Saint of the day 12th September, We Celebrate saint St. Guy of Anderlecht
St. Guy of Anderlecht (1012) was born near Brussels. He was poor and uneducated but led an austre life. He gave up and lost what little he had. Returning from a seven year pilgrimage, he took on foot to Jerusalem and Rome, he died in Anderlecht. Miracles were reported at the grave of this ‘poor man of Anderlecht’. His feast day is September 12.
Saint Guy of Anderlecht (also, Guido, Guidon, Wye of Láken) (ca. 950–1012) was a Catholic saint. He was known as the Poor Man of Anderlecht.
Life and legend
Born to poor parents, he lived a simple agricultural life until at the age of fourteen, he became assistant sacristan at the Sanctuary of Our Lady at Laken, where his duties included sweeping the church, dressing the altars, taking care of the vestments and altar linens, ringing the bell for mass and vespers, and providing flowers and other decorations which were used in that church.
He shared his meager wages with the poor, and went to Brussels, having been persuaded by a merchant that he could earn more to give to the poor. Eventually he became involved in a trading venture. When the ship carrying the cargo in which he had invested sank in the harbour, Guy believed he was being punished for being greedy and went on a pilgrimage, first to Rome as penance, and then to Jerusalem where he spent seven years visiting the holy places. On his return, he met in Rome, Wondulf, dean of the church of Anderlecht, and although not in robust health himself, agreed to guide the dean and his party on their pilgrimage to the Holy Land.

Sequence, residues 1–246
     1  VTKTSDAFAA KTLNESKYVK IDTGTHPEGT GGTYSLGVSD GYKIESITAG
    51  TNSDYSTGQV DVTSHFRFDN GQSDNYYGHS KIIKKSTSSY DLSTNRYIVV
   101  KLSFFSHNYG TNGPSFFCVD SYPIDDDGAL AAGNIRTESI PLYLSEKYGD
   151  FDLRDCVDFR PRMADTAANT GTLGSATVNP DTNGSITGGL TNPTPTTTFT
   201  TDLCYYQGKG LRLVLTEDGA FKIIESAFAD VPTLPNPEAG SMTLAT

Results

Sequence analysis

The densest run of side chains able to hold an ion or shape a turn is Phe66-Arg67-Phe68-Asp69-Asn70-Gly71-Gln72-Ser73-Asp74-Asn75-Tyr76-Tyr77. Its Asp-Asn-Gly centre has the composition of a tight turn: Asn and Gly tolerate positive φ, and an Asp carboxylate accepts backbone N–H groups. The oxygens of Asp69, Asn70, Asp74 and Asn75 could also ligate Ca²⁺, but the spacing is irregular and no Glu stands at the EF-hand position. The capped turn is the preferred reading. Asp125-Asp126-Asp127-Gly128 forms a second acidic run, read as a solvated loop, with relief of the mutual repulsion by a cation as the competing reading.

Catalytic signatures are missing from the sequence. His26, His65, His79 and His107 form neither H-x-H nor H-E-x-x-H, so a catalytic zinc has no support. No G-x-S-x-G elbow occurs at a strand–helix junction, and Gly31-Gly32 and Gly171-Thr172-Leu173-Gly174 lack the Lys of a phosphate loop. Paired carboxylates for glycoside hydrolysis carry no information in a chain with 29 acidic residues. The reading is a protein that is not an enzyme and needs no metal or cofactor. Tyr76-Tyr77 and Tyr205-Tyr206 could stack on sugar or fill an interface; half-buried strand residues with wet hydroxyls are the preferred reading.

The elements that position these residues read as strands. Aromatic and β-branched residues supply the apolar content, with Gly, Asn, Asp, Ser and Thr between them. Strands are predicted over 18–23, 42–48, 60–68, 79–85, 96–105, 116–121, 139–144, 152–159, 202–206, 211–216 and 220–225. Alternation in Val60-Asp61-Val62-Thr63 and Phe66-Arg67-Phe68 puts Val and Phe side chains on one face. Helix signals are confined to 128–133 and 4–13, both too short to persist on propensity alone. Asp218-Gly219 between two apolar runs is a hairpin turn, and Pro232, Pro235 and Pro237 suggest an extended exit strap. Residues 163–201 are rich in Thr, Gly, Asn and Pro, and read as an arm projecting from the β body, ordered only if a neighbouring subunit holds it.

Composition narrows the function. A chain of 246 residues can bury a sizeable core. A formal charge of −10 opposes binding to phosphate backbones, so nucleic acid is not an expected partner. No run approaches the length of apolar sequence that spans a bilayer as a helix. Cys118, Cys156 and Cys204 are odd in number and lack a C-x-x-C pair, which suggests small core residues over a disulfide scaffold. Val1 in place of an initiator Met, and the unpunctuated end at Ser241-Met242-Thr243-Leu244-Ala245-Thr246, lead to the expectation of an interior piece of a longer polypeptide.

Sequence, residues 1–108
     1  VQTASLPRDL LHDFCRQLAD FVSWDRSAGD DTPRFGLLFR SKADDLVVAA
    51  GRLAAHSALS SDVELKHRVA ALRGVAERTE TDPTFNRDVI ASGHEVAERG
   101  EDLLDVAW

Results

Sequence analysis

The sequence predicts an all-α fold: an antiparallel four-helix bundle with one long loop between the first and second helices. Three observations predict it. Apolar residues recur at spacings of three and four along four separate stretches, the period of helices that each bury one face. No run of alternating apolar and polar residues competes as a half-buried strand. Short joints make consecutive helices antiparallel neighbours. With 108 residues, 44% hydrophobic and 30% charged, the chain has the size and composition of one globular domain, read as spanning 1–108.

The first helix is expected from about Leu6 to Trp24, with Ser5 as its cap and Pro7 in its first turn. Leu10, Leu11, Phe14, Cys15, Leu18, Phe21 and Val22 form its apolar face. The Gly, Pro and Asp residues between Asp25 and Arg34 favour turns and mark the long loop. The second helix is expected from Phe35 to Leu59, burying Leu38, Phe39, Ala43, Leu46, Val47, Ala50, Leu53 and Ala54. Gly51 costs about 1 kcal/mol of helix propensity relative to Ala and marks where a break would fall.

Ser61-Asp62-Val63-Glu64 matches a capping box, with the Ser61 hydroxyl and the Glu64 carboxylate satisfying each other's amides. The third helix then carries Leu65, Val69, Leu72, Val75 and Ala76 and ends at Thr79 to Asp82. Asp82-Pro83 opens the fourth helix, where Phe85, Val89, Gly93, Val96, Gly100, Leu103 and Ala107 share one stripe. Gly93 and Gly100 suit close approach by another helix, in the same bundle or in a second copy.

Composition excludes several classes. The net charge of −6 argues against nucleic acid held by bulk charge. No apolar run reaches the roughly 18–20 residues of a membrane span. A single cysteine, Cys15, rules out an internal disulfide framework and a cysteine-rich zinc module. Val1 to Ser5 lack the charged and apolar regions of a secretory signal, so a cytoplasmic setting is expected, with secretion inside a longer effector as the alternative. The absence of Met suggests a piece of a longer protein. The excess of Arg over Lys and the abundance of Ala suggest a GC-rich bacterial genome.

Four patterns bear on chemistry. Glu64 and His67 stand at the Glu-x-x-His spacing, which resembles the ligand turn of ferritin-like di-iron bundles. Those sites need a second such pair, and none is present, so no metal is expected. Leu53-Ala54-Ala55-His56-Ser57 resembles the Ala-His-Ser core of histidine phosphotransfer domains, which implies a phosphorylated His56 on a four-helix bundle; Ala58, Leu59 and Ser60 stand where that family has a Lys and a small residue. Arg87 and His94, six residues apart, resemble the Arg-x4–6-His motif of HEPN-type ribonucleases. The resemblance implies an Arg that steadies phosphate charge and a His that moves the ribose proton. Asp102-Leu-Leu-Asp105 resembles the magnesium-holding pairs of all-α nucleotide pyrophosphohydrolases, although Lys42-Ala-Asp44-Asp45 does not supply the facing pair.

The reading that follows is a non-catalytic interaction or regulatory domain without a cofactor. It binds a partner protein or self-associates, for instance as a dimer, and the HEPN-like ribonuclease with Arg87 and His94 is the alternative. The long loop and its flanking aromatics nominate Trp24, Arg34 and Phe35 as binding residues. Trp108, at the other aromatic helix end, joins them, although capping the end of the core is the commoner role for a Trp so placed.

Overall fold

He died on his return home.
Saint Guy is the patron saint of Anderlecht, animals with horns, bachelors, people with epilepsy, laborers, protection of outbuildings, protection of sheds, protection of stables, sacristans, sextons, work horses; and is invoked against epilepsy, against rabies, against infantile convulsions, and against mad dogs. In iconography, he is represented as a peasant praying with an angel plowing a nearby field or as a pilgrim with a book or with a hat, staff, rosary, and an ox at his feet.
Saint Guy’s grave was said to have been found when a horse kicked it. Cabdrivers of Brabant led an annual pilgrimage to Anderlecht until the beginning of World War I in 1914. They and their horses headed the procession followed by farmers, grooms, and stable boys, all leading their animals to be blessed. The village fair that ended the religious procession was celebrated by various games, music, and feasting, followed by a competition to ride the carthorses bareback. The winner entered the church on bareback to receive a hat made of roses from the parish pastor.
The Collegiate Church of St. Peter and St. Guido in Anderlecht, which contains the grave in its crypt, is dedicated in his honour.